Chin-Up, America… It could be worse.

A look at the film ‘Canadian Bacon’ directed by Michael Moore and starring John Candy.

Crumbs! George W Bush’s election to the White House feels a whole lot less controversial having lived in an era where Clinton and Trump have engaged in their public mud-slinging.

As a Brit’, I’m not directly affected by the decision America makes, but I can watch on in bemusement and shake my head in disapproval as two people who nobody wants to vote for, fight for the ruling seat of a world superpower.

What strikes me as most noteworthy is that when speaking to any American on this subject, it’s a case of “I’m voting for X because I don’t like Y” and vice-versa. Not once, have I heard anyone say their vote is being cast because of the policies being discussed.

One thing is for certain; this election ‘will’ be a film within the next five years. I mean, everything is a film these days. I opened a new carton of orange juice the other day and already I’ve sold the film rights to Hollywood for a hard-hitting summer blockbuster action movie. The only other certainty is that if ‘Clinton Vs Trump’ isn’t an edgy political thriller, it will be a Michael Moore documentary.

What some people don’t know, however, is that before Michael Moore became a scruffy conspiracy theorist, he was responsible for a film called ‘Canadian Bacon’ which gave the mid-nineties a satirical slant on US politics.

The premise is simple and brilliant; A weak and inadequate president is coming up to the end of his first term and in order to be re-elected, has to come up with a plan to sway the public vote. His military advisor points out that every president who has started a war has gone on to be re-elected. With nobody left to go to war with, the US starts a cold-war with an unsuspecting Canada.

John Candy stars in what was to be his second-from-last film before his unfortunate death. As per usual, he delivers a typically John Candy performance; slightly over the top but just perfectly so for the type of character he was given. His co-stars are even more over the top, almost to the point of being a bit too much – I’m looking at you Rhea Perlman – and makes the closing act of the film just a little more mad-cap than it needed to be.

It’s as if the director forgot which film he was making and turned a political comedy into something more akin to a Mel Brooks movie. While Mel Brooks commands a lot of respect for the films he has made, this style of story-telling feels out of place in this feature. Perhaps this unbalanced, haphazard approach is responsible for the generally low public opinion of the film. But I think the public opinion is a little harsh. Beneath the blemishes is still a well-written piece of observational commentary on how America allows itself to suffer at the hands of the elected officials and how the rest of world can fall victim to these people on a whim.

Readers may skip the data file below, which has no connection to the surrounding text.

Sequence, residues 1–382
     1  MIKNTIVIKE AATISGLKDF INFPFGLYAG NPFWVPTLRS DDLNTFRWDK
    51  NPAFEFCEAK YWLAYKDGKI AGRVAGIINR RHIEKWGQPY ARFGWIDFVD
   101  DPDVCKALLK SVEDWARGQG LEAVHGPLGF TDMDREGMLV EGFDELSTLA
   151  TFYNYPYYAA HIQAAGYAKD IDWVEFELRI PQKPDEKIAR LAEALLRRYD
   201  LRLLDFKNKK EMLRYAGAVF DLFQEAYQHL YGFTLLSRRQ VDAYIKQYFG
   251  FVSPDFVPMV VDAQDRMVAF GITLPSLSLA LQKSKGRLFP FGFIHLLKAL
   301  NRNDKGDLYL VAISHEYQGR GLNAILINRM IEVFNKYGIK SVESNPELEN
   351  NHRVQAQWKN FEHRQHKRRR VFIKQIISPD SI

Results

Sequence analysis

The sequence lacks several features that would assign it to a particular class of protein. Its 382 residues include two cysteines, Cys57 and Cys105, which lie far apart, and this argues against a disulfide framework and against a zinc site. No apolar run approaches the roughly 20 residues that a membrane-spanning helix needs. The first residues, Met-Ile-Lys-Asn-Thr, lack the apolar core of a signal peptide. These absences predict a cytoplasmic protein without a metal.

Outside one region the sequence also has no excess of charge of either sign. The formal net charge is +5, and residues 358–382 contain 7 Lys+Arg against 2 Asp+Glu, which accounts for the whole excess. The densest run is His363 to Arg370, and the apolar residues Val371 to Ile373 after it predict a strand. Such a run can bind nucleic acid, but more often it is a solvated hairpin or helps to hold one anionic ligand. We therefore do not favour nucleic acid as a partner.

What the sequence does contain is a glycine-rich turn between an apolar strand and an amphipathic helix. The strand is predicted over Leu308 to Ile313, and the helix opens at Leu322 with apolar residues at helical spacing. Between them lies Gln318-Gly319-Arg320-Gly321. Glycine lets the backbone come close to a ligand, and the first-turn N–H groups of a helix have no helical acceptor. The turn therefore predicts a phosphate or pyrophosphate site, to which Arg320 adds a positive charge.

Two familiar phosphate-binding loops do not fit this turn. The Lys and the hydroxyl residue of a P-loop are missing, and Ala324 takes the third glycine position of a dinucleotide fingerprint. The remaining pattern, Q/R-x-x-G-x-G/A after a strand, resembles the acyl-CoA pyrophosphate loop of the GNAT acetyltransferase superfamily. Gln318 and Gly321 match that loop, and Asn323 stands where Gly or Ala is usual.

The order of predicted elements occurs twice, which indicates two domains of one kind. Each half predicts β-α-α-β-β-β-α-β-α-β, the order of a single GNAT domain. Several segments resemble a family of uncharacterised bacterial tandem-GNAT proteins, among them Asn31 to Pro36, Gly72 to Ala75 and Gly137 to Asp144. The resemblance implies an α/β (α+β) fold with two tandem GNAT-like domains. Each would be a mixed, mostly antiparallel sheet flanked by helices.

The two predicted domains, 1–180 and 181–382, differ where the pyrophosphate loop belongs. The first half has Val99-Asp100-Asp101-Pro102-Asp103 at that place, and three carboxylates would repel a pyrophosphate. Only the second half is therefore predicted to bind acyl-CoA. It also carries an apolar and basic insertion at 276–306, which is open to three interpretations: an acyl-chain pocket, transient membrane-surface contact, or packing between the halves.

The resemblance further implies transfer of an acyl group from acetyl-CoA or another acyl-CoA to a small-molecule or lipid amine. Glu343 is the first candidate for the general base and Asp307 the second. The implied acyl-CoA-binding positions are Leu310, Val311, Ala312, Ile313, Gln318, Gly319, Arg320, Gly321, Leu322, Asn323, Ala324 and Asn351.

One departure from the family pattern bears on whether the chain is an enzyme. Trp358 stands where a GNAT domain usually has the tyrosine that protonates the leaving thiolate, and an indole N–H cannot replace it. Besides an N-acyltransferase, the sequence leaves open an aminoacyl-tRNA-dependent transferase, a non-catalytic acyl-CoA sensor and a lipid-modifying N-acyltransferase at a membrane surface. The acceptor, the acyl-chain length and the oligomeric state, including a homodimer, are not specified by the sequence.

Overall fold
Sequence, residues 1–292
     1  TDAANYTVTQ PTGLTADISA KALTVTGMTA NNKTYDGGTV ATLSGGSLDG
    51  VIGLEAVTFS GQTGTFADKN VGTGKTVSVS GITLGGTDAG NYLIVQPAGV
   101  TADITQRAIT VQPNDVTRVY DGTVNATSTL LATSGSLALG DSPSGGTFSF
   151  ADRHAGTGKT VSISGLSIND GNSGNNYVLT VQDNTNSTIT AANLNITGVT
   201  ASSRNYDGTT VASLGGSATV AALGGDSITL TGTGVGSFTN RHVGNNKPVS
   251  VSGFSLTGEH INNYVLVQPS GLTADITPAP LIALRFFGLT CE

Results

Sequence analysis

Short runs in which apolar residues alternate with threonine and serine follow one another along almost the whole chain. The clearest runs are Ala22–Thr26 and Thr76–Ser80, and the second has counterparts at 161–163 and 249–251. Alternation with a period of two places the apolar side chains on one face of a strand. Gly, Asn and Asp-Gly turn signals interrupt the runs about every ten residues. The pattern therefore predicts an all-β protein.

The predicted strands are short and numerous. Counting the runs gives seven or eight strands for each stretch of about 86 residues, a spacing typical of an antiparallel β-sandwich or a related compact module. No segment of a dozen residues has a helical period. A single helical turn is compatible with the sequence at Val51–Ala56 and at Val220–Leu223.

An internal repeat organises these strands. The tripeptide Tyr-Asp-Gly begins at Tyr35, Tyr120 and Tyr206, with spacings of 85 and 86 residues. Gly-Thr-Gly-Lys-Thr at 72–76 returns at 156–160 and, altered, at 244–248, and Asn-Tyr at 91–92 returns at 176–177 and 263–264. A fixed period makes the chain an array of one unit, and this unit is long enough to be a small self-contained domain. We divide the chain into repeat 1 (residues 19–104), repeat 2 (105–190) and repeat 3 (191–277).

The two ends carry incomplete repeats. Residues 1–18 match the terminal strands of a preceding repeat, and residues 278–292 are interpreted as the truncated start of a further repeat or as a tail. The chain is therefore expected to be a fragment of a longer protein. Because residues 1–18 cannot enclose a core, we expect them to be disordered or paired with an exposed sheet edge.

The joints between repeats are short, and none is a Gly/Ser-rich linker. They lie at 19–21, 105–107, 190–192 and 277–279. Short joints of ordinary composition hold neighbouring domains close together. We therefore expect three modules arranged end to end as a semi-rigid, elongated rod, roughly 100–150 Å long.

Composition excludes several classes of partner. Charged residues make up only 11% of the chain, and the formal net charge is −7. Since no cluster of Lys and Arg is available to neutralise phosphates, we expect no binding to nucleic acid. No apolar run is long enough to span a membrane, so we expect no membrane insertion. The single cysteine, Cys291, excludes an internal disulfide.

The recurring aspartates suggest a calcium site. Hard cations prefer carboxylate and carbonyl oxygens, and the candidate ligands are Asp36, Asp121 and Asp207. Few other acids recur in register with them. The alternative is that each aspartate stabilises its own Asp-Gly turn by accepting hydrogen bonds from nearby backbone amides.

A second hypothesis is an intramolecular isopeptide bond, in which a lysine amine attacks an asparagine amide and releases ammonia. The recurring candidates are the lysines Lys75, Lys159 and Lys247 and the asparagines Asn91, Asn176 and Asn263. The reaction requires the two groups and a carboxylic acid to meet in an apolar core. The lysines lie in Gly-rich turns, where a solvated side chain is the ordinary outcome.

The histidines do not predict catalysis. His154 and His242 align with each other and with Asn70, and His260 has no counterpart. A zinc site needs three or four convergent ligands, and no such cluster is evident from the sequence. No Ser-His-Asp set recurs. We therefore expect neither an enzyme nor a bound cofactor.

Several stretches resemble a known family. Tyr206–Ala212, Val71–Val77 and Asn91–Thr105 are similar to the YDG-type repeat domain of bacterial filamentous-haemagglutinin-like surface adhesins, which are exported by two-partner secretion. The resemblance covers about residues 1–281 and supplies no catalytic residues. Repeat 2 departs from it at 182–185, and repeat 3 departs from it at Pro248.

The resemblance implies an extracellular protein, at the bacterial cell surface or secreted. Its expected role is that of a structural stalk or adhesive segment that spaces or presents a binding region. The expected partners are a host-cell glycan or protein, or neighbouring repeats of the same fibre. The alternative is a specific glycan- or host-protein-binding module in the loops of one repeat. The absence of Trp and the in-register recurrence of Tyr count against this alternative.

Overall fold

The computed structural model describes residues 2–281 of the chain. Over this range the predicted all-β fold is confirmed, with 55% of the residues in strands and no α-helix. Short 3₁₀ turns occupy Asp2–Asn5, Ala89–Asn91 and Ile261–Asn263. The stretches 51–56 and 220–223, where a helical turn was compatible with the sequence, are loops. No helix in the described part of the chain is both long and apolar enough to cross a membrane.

There’s nothing particularly artistic about the film. It relies purely on the content of the screenplay to deliver its message. There are some particularly funny parts; the drive to Canada while attempting to sing along to Bruce Springsteen and an encounter with the Royal Canadian Mounted Police being another. These are just a couple of many great moments that bind together to give you repeated laughs and proves that Moore is a capable comedian when he’s not convinced of a huge media-plot to instill fear into the soles of the American public.

But you would be forgiven for feeling a little underwhelmed once it’s all done and the credits begin to roll. Good though the good bits are, they are ephemeral and seem to evaporate into the ether well before their time.

At a time when politics is causing America and its neighbours something of a headache, ‘Canadian Bacon’ is a light-hearted and worthwhile distraction for an hour and a half and will remind you all that things could have been far worse, whoever manages to get their hands on the nuclear launch codes in the morning.

A reason why you should watch it: Another great turn from the inimitable John Candy who never disappoints.

A reason why you shouldn’t watch it: Because you have a Michael Moore allergy… And who could blame you?

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